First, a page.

President Trump also taking aim at the White House Correspondents' Dinner after the comedian Michelle Wolf's controversial roast.

WOLF: I actually really like Sarah. I think she's very resourceful. Like, she burns facts, and then she uses that ash to create a perfect smoky eye. Maybe she's born with it. Maybe it's lies. Probably lies.

COLLINS: The president calling the event an embarrassment and Wolf's stand-up act, quote, "filthy." The White House Correspondents' Association expressing regret that Wolf's monologue was, quote, "not in the spirit of the group's mission" to celebrate the First Amendment.


COLLINS: Now Chris and Alisyn, we'll hear from the president today during a press conference with the president of Nigeria. There have been no angry tweets about the caravan or the dinner yet. But of course, it's only 6:05 a.m., so stay tuned.

CUOMO: It's true. We're getting right towards peak tweet time, Kaitlan. I'll let you know how it goes.

All right. Joining us now is CNN political analysts Alex Burns and John Avlon.

So we start, John, on North Korea. OK? And, what, 10, 12 days ago. You know, the idea of, boy, if everything goes right here, this would be amazing. Right? This would be, like, a real peace development. Could be the stuff of a prize. Everybody laughs it off.

Then we have the big moment with Moon and Kim. And we learn that Moon has really been engineering this. There's some pluses and minuses to it, but the U.S. is involved as well, and this is good.

Now we have the president standing up there saying, "I had everything to do with all of this."


CUOMO: But then Pompeo says, "Hold on, hold on. We have our eyes wide open." So what's your read on the plus/minus of what's happening here, the optics, the political optics of North Korea?

AVLON: Look, I think this goes well beyond optics. It's what's the actual possibility of a deal getting done and not going off the rails when Trump sits down with Kim.

All right. So here's what's important. Remember, Trump deserves credit for this. He has changed the calculus around this negotiation. He deserves credit. In a way that, you know, didn't occur before. North Korea has played this brinksmanship forever.

What I think is different is that Moon, of course, is the president of South Korea. He also really wants conciliation. Now, you have over the weekend John Bolton raising the specter of Libya, which is not the best metaphor if you are North Korea. They have been afraid of what happened to Gadhafi after he renounced nuclear weapons.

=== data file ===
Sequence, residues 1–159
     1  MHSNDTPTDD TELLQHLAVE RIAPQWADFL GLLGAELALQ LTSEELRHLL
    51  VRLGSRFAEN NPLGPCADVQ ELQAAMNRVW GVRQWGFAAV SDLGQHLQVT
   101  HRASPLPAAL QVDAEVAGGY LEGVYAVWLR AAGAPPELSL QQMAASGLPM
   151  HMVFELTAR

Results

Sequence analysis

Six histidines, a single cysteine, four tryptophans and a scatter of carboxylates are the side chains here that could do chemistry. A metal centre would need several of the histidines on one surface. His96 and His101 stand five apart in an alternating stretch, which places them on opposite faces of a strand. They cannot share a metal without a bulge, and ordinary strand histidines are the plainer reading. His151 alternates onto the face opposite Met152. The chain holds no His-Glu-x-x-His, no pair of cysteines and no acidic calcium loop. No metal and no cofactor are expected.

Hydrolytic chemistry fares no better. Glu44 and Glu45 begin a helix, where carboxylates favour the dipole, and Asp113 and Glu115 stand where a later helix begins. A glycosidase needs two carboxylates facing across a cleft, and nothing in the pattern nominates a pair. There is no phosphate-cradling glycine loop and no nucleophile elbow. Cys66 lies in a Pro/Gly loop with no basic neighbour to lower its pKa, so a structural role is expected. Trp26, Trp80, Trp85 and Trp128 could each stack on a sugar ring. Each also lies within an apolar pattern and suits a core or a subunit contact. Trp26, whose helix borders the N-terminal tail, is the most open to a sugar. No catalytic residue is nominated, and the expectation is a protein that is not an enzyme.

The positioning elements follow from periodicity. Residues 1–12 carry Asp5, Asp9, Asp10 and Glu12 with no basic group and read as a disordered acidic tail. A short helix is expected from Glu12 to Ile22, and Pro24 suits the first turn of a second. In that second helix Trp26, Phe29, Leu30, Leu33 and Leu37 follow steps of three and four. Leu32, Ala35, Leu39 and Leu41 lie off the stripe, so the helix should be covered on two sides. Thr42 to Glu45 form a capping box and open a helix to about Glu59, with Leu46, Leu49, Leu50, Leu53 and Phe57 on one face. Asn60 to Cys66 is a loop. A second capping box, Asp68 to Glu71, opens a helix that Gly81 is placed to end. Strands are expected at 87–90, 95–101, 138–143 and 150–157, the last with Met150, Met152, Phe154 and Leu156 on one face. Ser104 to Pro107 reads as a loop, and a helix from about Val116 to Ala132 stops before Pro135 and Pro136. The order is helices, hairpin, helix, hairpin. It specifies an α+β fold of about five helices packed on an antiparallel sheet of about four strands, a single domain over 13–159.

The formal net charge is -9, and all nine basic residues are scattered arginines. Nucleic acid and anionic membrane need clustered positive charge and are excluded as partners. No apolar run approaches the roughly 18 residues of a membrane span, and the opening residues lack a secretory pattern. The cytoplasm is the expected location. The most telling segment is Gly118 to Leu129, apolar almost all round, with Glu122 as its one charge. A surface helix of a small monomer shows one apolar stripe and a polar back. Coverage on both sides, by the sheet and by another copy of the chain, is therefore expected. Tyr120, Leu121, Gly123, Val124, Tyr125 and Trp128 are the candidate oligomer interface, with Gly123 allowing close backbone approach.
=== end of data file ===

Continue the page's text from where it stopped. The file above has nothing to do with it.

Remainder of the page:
So this is all leading up to a very high-stakes negotiation. Can President Trump get -- ? Sure. But has his bellicosity set up a different condition in which Kim seems willing to negotiate? He deserves credit for that.

CUOMO: And I apologize for stepping on the lead. I just wanted to make sure that gets out there. Because I believe with the Iran deal and nuclear, and K. (ph) going on at the same time, we've to keep it in focus. But I know that we have a big story this week.

CAMEROTA: Well, look, that's a big story. Obviously, North Korea is a big story.

CUOMO: You're right, true.

CAMEROTA: That's fine. Let's touch on that. And then let's move on to what's happening on the border, OK, with immigration. So the president has been stoking fears about this caravan that's charging towards the border. So now they're there. There are at least dozens of people, maybe a couple of hundred. And they are seeking asylum. And, Alex, there's a process by which people seek asylum. And these folks are going through that process for which they seek asylum.

The good data point is last year when this same thing happened, 100 -- 200 people showed up. Three people have been granted political asylum. So I mean, this is kind of business as usual, much as the president is ginning up his crowd about it.

ALEX BURNS, CNN POLITICAL ANALYST: It's totally business as usual. And the president says we have such weak laws we can't do anything about this. No. We actually have laws that deal with this problem and deal with this as an issue quite regularly. That people do get to come and make their case for why they deserve asylum, and then most people don't actually get asylum in the end. And you can find that satisfactory, you can find that unsatisfactory. But he does like to go out and tell these stories, often about immigration, about national security, about crime and terrorism that suggest that we're living in this state of total chaos and that the United States is being completely overrun or taken advantage of or whatever term you want to use. And that's just simply not the reality that we're living in.

AVLON: Right. He does create an impression that the caravan is going to bum rush the border, and we're being overwhelmed. The reality is, is that this border crossing in San Diego is quite fortified. People come. They apply for asylum and they go for what's called a credible fear interview. So this is not chaotic. This is orderly. And the vast majority of these folks aren't getting across the border.

BURNS: And the credible fear interview is the first part of the process. Right? If they determine that you have a credible fear if you're sent back, then you get to really make your case for why you deserve asylum.

So you're going to hear a lot of statistics over the next few days. Probably about, you know, 75 percent of people make it through. It's just not -- it's much, much tougher than that.